Our correspondent gathered that the traders are cashing in on the desperation of stranded importers to recoup the money invested before the closure of the nation’s land borders.
Findings further showed that any trader who succeeds in bringing foreign rice into Nigeria now has the prospect of making between N5,000 to N7,000 profit on each bag of smuggled rice compared to the less than N2,000 profit prospects on a bag of local rice.
A bag of foreign rice at the border, it was learnt, now sells for between N8,000 and N9,000 at the border while the cost of conveying each through the illegal routes ranges from N2,000 to N3, 000. This makes the average cost price of a bag of foreign N12,000. On getting to Nigeria, a bag of rice is sold for between N17, 000 and N19, 000 to local traders who later re-sell it to the final consumers between N22, 000 and N24, 000.
Sunday Sun investigation further showed that getting foreign rice into Nigeria is just as herculean as preventing it from being seized by men of the Nigeria Customs Service who comb markets in search of smuggled rice.
However, traders who deal in the contraband are equally devising ways of beating the men and officers of the Nigeria Customs to this hide and seek game.
One of the ways by which they beat the operatives of the service to the game is to stock their shops with limited bags of foreign rice to mitigate their losses in case of invasion of their shops by men of the service and re-stock immediately from their secret warehouses, especially at nights to avoid playing into the hands of the service or their informants.
Similarly, moving smuggled rice to their final destination after bringing it into the country from the illicit routes also requires some measures of discreetness.
Aside from trying to conceal it from the prying eyes of the men of the Customs, merchants of the contraband now refrain from putting all their eggs in one basket.
Sunday Sun gathered that a trader with, for instance, 30 bags of rice, may resort to conveying them in five different vehicles, which will travel at different intervals and distance with the leading vehicle providing situation reports and direction at a given period to the other drivers behind.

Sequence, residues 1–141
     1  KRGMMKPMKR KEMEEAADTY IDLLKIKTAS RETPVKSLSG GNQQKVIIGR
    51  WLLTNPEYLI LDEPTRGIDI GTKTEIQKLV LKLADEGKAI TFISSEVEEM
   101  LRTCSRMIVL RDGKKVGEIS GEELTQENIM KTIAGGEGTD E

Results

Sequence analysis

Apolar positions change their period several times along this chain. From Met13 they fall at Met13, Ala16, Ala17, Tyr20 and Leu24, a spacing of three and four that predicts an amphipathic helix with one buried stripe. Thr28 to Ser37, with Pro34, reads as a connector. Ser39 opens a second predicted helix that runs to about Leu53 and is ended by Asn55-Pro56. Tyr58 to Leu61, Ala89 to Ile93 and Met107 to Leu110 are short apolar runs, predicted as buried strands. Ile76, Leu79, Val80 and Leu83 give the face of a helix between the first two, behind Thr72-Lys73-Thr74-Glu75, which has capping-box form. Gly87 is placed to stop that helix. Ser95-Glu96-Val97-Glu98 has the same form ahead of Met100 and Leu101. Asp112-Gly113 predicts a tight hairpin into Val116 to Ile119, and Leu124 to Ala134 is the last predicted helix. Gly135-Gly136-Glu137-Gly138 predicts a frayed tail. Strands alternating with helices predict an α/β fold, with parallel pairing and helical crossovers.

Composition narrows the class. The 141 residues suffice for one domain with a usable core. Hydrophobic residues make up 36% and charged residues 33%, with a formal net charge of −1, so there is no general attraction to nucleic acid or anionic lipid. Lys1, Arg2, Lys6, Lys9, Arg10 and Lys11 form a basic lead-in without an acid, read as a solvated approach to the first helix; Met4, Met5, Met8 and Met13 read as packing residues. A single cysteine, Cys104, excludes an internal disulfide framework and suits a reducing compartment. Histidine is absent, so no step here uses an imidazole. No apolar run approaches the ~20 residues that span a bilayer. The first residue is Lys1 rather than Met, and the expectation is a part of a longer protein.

A policy analyst, Gabriel Ejutse, however, believes that the Nigeria Customs is winning the anti-smuggling war, adding that the difficulty being encountered by smugglers in bringing the few bags that manage to enter the country would in no time frustrate the smugglers out of their illegal business.
Ejutse opined that the best way to frustrate smugglers bringing foreign rice into Nigeria is to flood the country with local rice and crash the price.
His words: “The best way to discourage the importation of foreign rice is for farmers in the country to convince Nigerians that they have what it takes to meet local demands. If our farmers can flood the country with good quality local rice and sell at cheaper rate, Nigerians will be discouraged from buying foreign rice.
“Let’s say, for instance, a bag of local rice sells for N10,000 while smugglers find it difficult to break even selling his smuggled rice for N14,000, they will definitely be frustrated from smuggling foreign rice into the country because people will stop patronising them.”